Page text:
The whole point of doing these surgeries is so I can be a good walker again. I've never been athletic or even all that active, but I could walk all day, up and down hill, and I want that back. My stretch goal is to be able to walk down the Lost Camp trail. It's not that far (I forget--3 miles round trip?)but it is remarkably steep, and the time to go there is in chanterelle season, which is when the trail is wet and slick. So anyway what that means for me now is that I want to keep extending my walking range, but at a gentle enough rate that I don't burn out and have to start over. So I'm not actually doing all that I conceivably could. I'm trying to do just a bit more than I'm comfortable with.

Like stairs. I have demonstrated to myself that I can walk upstairs the normal way, in full steps,. taking full weight and flexion on my operated leg. But it's not actually helpful yet to do that-- my leg gets very pouty and refuses to perform at maximum in the rangfe of motion exercises afterwards. So what I'm doing instead is bringing my foot up to the next step as if I would step on it and then bringing it back to the step where my good leg is: making the knee go through the range of motion of stair climbing and not making it take the weight in that position. It takes twice as long to go up the stairs but I just got that much more range of motion exercise in.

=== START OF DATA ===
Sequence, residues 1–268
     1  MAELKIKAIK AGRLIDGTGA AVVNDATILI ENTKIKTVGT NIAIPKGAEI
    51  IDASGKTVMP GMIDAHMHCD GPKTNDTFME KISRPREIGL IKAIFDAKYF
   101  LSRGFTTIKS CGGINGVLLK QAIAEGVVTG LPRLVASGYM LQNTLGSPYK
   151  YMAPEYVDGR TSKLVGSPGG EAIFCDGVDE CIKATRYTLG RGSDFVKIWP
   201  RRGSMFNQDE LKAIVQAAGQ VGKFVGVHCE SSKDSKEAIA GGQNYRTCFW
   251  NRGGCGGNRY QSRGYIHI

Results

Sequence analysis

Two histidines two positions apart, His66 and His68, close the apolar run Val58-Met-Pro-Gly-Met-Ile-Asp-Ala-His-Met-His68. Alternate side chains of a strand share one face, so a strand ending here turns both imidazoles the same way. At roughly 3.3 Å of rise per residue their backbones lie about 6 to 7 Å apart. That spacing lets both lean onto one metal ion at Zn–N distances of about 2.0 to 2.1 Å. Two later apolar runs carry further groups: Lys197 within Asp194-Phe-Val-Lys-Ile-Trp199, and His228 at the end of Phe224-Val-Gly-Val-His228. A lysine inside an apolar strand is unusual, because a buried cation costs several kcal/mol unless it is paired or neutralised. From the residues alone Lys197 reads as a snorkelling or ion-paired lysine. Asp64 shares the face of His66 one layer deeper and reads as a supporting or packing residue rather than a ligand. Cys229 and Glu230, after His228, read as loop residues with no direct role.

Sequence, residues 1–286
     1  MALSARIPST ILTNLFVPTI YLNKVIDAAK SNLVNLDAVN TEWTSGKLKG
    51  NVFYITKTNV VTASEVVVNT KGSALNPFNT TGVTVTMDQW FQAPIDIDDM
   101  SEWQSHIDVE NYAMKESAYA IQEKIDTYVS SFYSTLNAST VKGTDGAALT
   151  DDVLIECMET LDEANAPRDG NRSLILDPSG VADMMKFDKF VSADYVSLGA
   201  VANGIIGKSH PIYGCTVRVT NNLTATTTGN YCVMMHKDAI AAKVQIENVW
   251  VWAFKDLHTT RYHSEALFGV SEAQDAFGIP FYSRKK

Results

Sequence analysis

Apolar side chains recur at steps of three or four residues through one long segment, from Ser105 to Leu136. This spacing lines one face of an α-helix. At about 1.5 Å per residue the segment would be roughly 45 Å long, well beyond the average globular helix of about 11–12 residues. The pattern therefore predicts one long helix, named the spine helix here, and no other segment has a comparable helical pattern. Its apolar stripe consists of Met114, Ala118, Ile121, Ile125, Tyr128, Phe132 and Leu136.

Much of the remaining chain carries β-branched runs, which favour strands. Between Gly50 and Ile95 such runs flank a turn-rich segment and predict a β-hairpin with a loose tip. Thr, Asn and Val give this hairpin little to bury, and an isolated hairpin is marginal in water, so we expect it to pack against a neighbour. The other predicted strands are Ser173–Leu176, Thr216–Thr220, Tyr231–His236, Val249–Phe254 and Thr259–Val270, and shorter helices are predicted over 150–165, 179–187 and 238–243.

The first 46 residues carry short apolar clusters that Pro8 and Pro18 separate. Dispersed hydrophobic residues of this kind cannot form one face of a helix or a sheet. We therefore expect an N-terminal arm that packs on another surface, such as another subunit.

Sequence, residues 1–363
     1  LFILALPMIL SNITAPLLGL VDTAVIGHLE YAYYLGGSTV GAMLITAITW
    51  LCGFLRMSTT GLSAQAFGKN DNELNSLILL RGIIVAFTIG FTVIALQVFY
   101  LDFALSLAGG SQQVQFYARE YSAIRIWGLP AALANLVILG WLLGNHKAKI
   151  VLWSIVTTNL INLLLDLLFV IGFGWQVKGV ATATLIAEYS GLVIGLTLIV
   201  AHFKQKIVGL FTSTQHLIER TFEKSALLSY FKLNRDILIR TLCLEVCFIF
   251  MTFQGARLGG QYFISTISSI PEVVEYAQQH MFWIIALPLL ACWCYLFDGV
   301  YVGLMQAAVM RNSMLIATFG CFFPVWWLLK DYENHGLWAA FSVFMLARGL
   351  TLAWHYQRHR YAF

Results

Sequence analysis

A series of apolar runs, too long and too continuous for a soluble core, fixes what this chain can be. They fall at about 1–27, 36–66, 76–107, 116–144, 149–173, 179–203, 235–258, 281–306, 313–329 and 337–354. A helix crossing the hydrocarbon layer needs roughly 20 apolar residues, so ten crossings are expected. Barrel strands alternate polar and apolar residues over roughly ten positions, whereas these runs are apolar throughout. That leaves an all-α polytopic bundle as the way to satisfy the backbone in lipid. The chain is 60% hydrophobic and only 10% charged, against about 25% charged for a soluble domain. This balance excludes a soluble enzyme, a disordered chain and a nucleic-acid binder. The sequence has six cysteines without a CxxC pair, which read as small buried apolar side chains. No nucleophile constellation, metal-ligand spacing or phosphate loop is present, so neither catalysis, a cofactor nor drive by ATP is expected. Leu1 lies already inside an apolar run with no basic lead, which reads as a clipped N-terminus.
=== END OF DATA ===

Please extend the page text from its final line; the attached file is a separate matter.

So far the only things I plan to change when I have the other knee done are: insist on properly-fitting TED stockings--the company the hospital orders from does in fact make XL short, which will still be too long but not twelve inches too long like the regular ones: and I won;t feel like I have to be a good girl and follow the surgeon;'s directions on pain relievers. I'll use the alternating tylenol-tramadol at regular doses stratedgy from the beginning, and I'll know to taper off a wee bit earlier so I can sleep better. (still having some grand insomnia about half the nights and never sleeping a whole night, but it's not desperate seeming any more).

May 2017